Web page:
88th Legislative Session in Texas Closes with Massive Proposed Budget. The proposed budget for the next biennium comes from the adjusted HB1. This budget increases State spending by 21.3% compared to the last budget. This is potentially the most dramatic increase in Texas history, totaling $321 billion. Advocates for fiscal responsibility say this would be bad enough by itself, but is outrageous when compounded with the dismally small property tax relief bills that floated around the floor.

Turkey Announces the Reelection of its President. After initially coming up short in the presidential election on May 14, incumbent Recep Teyyip Erdogan faced off against Kemal Kilicdaroglu in a run-off election and came away with 52% of the nation’s votes. Erdogan, who has been in the president’s seat for the past 20 years, will remain in office for the next five-year term as well. Many opposers to Erdogan claim he is largely responsible for the country’s increasing inflation and decreasing freedoms. Supporters say he has done well to increase Turkey’s political stance among the world. Outsiders believe online censorship by Edrogan’s government gave him an “unjustified advantage” at the polls.

Book Review

Venomous Snakes of Texas: A Field Guide by Andrew H. Price

With temperatures rising in the hill country, outdoorsy folks are starting to take extra precaution wandering around nature. Why? One reason is the increasing activity of venomous snakes. Think you know how to spot them all? Perhaps you can tell the difference between a dangerous Texas Coral and a benign King Snake and I’m sure you recognize the distinguishing pattern on a Western Diamondback, but are you familiar with the Mottle Rock and Northern Blacktail (two rattlesnake species also found in Gillespie County)? Think all venomous snakes have broad triangular heads? You might want to think again.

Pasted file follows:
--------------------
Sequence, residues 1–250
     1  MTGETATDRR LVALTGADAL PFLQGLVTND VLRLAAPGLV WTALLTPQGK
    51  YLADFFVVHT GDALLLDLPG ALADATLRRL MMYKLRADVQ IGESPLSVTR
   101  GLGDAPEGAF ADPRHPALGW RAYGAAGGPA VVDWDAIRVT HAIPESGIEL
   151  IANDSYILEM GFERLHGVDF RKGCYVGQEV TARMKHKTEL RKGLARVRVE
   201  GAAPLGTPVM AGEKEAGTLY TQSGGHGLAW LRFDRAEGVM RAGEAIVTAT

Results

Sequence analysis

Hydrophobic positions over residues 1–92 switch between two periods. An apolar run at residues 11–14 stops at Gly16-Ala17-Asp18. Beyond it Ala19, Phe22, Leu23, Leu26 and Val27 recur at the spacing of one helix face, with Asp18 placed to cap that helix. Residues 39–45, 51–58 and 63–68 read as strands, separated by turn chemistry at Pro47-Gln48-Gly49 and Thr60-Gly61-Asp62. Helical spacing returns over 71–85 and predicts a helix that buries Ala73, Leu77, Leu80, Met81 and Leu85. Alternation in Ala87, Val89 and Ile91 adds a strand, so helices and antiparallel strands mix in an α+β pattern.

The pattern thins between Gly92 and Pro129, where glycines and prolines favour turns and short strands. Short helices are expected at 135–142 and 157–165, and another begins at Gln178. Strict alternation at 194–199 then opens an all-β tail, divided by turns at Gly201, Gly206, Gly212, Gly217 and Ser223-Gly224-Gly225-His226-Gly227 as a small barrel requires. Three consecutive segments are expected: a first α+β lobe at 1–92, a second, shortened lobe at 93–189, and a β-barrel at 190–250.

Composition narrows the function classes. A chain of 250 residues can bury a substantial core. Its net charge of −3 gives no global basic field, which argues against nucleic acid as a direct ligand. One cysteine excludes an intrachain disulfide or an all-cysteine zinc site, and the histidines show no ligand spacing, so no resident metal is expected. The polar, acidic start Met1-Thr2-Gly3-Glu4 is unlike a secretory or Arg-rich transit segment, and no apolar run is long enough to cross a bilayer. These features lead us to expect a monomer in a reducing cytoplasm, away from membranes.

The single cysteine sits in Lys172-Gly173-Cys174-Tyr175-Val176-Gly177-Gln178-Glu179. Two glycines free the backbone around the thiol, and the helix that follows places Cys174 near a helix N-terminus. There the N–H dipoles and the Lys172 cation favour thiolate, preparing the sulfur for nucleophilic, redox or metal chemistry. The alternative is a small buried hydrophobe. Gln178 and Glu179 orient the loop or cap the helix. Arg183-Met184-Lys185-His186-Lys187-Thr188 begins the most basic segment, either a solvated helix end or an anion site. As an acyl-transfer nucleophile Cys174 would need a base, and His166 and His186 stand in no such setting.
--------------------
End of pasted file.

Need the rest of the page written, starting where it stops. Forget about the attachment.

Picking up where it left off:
Andrew H. Price’s goal when researching and writing Venomous Snakes of Texas was to educate the public about the nature of venomous snakes and how to prepare for the possibility of meeting them. He gives visual descriptions next to color photographs of 15 kinds of native venomous species with their subspecies and lists their habitats, ranges, behaviors, predators, and prey. Interesting tidbits gleaned from the book include: coral snakes have a natural predator in bullfrogs and are the only venomous snakes in Texas that do not give birth to live young; roadrunners and domestic chickens often kill and eat Western Diamondbacks; skunks are immune to pit vipers; opossums will prey upon copperheads and cottonmouths.

While Venomous Snakes of Texas is well laid-out and fundamentally useful for area residents, it was published over 10 years ago and attests to its age with outdated information on snake bites and non-current range maps. Nonetheless, Price’s book is still a suggested read for learning about venomous snakes and can be checked out from the Pioneer Memorial Library as TX 597.96.